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Old 06-28-2010, 09:27 AM
 
1,624 posts, read 4,852,342 times
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Quote:
Originally Posted by mnbvcxz View Post
Most of the universities in North America do require GMAT or GRE for their master's program, but i know only a tiny minority require neither, such as UMD(Master of Business), UIUC(Master of Accountance), U of Villanova(Master of Accountancy), etc. Can anybody provide some information on the others?
FYI, most master's of accounting programs are really just extensions of their undergraduate accounting programs. The CPA exam generally requires 150 hours of class work to be eligible to sit for the exam. In past years, schools would do 5 year bachelor's programs but they all pretty much now do 4+1 programs where you get a bachelor's after 4 years and a master's after an additional year. So the vast majority of the students in a master's program are coming straight from the undergraduate accounting program at the same institution.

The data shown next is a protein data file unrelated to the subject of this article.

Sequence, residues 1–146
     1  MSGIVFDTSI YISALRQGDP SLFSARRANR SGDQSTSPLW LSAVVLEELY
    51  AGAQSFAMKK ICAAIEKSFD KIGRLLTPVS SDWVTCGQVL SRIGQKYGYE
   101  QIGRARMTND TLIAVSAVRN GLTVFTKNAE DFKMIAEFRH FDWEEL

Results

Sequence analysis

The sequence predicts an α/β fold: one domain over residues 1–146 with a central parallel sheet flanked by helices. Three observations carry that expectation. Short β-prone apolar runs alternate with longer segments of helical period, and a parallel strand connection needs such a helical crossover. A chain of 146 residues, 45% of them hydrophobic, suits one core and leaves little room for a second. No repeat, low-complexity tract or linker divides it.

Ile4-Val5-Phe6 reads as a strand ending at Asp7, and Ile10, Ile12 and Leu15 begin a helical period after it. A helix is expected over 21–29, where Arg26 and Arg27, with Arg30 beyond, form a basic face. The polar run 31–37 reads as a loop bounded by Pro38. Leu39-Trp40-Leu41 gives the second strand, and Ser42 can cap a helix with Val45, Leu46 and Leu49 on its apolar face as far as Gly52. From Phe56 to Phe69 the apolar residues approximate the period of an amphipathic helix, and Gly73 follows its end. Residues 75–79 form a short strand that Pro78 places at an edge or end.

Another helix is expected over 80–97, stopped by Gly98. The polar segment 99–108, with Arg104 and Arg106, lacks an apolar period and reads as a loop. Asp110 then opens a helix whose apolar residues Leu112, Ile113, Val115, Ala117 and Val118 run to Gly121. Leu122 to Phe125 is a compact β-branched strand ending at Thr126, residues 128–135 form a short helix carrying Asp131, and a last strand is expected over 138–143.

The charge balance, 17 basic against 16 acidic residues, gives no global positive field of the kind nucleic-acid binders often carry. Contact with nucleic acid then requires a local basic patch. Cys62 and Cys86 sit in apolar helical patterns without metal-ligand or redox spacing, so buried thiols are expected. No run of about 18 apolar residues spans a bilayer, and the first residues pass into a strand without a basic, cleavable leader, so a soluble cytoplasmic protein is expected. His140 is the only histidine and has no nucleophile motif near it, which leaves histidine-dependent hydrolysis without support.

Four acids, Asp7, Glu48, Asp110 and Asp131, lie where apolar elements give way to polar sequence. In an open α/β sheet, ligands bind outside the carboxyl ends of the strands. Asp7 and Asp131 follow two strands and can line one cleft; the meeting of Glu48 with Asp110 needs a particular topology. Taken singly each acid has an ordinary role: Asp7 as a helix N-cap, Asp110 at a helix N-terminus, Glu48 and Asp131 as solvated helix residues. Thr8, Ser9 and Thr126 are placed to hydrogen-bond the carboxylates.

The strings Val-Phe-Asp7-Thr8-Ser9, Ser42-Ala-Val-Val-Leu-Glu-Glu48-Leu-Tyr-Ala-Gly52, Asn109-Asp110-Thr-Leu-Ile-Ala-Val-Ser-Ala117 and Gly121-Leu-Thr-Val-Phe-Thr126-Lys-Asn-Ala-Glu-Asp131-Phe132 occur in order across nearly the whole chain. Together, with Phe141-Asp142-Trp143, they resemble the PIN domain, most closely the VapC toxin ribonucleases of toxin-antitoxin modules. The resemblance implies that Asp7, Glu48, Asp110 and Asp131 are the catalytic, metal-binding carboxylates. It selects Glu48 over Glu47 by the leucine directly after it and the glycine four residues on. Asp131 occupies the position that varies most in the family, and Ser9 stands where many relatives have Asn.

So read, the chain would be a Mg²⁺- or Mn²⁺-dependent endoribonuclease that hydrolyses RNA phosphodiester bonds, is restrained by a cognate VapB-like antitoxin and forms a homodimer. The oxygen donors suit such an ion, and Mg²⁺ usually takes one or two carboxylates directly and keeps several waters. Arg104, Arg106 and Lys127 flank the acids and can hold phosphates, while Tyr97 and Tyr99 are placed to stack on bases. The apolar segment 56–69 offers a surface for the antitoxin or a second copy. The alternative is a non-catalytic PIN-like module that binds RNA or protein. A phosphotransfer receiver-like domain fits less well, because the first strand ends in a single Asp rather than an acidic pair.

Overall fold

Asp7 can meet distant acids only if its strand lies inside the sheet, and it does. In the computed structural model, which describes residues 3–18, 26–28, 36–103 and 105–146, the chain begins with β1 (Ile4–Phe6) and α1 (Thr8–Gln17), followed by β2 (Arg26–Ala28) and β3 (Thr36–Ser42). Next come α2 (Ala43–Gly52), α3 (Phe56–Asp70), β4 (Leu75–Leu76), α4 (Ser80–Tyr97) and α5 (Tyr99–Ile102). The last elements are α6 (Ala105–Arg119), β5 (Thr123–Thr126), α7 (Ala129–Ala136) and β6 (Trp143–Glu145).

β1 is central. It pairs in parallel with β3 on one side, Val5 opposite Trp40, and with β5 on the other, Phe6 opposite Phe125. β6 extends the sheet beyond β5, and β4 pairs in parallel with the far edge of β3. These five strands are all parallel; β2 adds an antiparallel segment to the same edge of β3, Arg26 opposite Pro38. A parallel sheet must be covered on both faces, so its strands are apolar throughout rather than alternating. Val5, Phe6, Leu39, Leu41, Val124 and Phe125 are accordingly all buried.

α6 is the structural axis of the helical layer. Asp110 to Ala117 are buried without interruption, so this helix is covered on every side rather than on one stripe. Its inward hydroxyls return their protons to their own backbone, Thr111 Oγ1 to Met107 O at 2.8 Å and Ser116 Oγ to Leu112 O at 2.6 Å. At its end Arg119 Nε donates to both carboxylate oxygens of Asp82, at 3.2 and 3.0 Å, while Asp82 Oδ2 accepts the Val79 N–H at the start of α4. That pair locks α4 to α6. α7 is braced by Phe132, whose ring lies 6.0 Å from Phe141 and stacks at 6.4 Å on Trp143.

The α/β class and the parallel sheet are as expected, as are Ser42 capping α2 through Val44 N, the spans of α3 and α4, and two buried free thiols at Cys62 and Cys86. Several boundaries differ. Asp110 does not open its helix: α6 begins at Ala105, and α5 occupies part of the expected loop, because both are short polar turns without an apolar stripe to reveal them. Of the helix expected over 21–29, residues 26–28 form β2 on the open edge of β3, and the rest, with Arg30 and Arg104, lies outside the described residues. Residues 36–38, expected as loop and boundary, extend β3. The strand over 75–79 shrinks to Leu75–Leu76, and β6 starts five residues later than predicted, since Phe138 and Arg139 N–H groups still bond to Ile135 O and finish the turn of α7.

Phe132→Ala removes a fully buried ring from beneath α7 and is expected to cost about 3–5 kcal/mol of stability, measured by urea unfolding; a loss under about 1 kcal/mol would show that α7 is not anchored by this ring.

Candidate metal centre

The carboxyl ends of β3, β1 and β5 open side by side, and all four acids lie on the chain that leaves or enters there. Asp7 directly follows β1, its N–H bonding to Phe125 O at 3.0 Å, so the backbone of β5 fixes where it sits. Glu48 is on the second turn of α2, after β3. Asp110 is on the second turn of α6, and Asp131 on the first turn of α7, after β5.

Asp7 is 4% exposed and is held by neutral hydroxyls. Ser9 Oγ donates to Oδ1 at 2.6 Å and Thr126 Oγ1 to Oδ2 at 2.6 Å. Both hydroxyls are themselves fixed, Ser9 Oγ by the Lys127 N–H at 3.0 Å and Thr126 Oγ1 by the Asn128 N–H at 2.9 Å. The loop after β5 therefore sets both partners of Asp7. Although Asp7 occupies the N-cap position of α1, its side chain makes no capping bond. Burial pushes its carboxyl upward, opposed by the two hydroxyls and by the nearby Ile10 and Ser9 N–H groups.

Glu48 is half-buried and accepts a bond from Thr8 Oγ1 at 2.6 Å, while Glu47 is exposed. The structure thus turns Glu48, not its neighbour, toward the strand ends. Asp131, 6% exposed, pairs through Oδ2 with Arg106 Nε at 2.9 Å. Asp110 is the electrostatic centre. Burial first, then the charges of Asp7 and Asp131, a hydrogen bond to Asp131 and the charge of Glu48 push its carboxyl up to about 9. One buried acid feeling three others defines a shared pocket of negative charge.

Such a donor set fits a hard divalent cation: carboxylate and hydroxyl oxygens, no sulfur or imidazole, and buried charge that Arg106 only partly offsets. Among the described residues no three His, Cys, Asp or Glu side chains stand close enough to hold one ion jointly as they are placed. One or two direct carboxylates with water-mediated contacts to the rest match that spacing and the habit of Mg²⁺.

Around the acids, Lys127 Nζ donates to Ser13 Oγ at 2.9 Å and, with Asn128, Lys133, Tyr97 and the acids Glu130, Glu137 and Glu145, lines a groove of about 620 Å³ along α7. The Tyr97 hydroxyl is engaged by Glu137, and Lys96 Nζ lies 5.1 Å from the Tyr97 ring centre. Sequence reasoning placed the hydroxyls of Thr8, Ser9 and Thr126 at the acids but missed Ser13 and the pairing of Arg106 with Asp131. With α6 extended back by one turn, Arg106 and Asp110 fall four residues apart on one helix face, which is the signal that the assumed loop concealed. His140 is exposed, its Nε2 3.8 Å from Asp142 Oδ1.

For these students, there is really no need to take the GMAT, as admissions is really not competitive for them and the school already knows that they can handle the program. It's just a second senior year for them. It's not uncommon for 85 slots at a 100 student program fitting this profile. The competition for the remaining 15 slots may be very competitive.

For students that did not go to the undergraduate program, the school would need to evaluate the candidate based on whether they could handle the rigors of a graduate accounting program. If they had success at a similar undergraduate accounting program, they may not need a GMAT score, as the admission's staff would have enough information to base their decision on. If the applicant came from an inferior school, did not do that well in school, or did not have an undergraduate accounting degree, I would think a strong GMAT score would probably be an important factor in the decision making as to whether they could handle the program.

Anyways, UIUC and Maryland are strong and very reputable accounting programs. I have no clue about Villanova, but the overall university is reputable.